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A Court Ruling in Gavin Grimm’s Case Is a Very Big Deal

Gavin Grimm at New York Pride 2017
Gavin Grimm at New York Pride 2017
Joshua Block,
Senior Staff Attorney,
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May 23, 2018

Yesterday another federal court said what we’ve been arguing all along: Federal law protects transgender people.

For the past four years, Gavin Grimm has been seeking justice. For most of his time at Gloucester High School, the district’s school board prohibited him from using the boys’ restroom and forced him to use single-stall facilities that no other student was required to use. They singled him out to be stigmatized and segregated in this way just because he is transgender.

With the ACLU’s help, Gavin sued his school district for violating his rights under the constitution and Title IX, a civil rights law protecting students from sex discrimination. Gavin’s case made it all the way to the Supreme Court in 2017. But then in February 2017, just one month after Donald Trump took office, the departments of Education and Justice withdrew the Obama-era guidance.

More so, the Solicitor General sent a letter to the U.S. Supreme Court, hoping to undermine the decisions made by the Fourth Circuit. And it worked. A couple months away from graduation, the U.S. Supreme Court sent the case back down, asking the lower courts to consider the case without the guidance from the Obama administration.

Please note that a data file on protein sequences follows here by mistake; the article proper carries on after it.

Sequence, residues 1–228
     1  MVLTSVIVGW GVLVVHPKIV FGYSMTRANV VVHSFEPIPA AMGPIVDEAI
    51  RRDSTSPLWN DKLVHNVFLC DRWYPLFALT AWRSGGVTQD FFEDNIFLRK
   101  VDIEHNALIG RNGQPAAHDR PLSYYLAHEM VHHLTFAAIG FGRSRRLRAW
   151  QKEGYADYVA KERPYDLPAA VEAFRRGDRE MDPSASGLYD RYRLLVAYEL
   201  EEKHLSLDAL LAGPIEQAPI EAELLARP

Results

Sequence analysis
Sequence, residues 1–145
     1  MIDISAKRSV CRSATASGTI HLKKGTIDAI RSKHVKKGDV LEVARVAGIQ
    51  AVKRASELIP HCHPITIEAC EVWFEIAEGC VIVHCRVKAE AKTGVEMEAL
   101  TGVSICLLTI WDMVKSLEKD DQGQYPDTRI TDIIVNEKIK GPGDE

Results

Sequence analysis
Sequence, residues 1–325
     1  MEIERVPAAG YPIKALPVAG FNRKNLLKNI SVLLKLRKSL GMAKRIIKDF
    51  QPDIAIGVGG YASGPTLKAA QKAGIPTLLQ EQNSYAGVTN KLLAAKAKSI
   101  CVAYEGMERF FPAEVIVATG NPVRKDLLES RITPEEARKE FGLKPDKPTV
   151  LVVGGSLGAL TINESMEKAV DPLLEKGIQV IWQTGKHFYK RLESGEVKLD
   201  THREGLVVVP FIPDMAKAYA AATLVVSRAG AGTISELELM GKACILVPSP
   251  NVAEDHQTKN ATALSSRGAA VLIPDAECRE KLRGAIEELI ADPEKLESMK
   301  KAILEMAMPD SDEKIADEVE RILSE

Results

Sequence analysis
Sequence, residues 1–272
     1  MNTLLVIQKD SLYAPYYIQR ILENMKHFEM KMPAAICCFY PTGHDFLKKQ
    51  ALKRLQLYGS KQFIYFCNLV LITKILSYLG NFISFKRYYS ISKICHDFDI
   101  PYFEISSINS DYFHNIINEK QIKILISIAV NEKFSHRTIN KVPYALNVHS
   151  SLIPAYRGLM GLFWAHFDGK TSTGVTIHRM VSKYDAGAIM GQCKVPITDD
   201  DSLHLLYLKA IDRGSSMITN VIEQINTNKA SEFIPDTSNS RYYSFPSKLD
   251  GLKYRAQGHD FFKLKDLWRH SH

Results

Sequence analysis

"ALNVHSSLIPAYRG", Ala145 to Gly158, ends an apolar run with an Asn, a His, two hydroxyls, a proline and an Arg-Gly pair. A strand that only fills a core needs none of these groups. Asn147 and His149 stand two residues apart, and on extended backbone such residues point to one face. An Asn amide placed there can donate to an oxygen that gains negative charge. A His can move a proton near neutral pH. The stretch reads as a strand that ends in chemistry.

Over a year later, a federal court has finally vindicated what Gavin has been saying all along. The court held that, even though Secretary of Education Betsy Devos and Attorney General Jeff Sessions revoked guidance protecting trans students, they could not change what the law means. The court, citing a long line of court decisions supporting transgender people, held that Title IX protects Gavin and other transgender students from discrimination. Forcing Gavin to use separate restrooms violated his rights under both Title IX and the Constitution and hopefully soon three other courts will be doing the same.

This is an incredible victory for not just Gavin — one that only adds to the forward momentum we’ve been creating in the courts to recognize that transgender people are already protected under federal law. The court has allowed Gavin’s case to move forward by denying the school’s attempts to dismiss the case. But the decision did more than that. The court challenged the idea that policies based on “biological sex” can be implemented. As U.S. District Judge Arenda L. Wright put it, “attempting to draw lines based on physiological and anatomical characteristics proves unmanageable.”

Gavin’s victory won’t be able to give him back all the years he spent in Gloucester High School, but Gavin is determined to see his case through to the end so that other students never have to go through the same experience. The Department of Education may no longer be interested in hearing civil rights complaints from transgender students, but the courts are thanks to people like Gavin Grimm.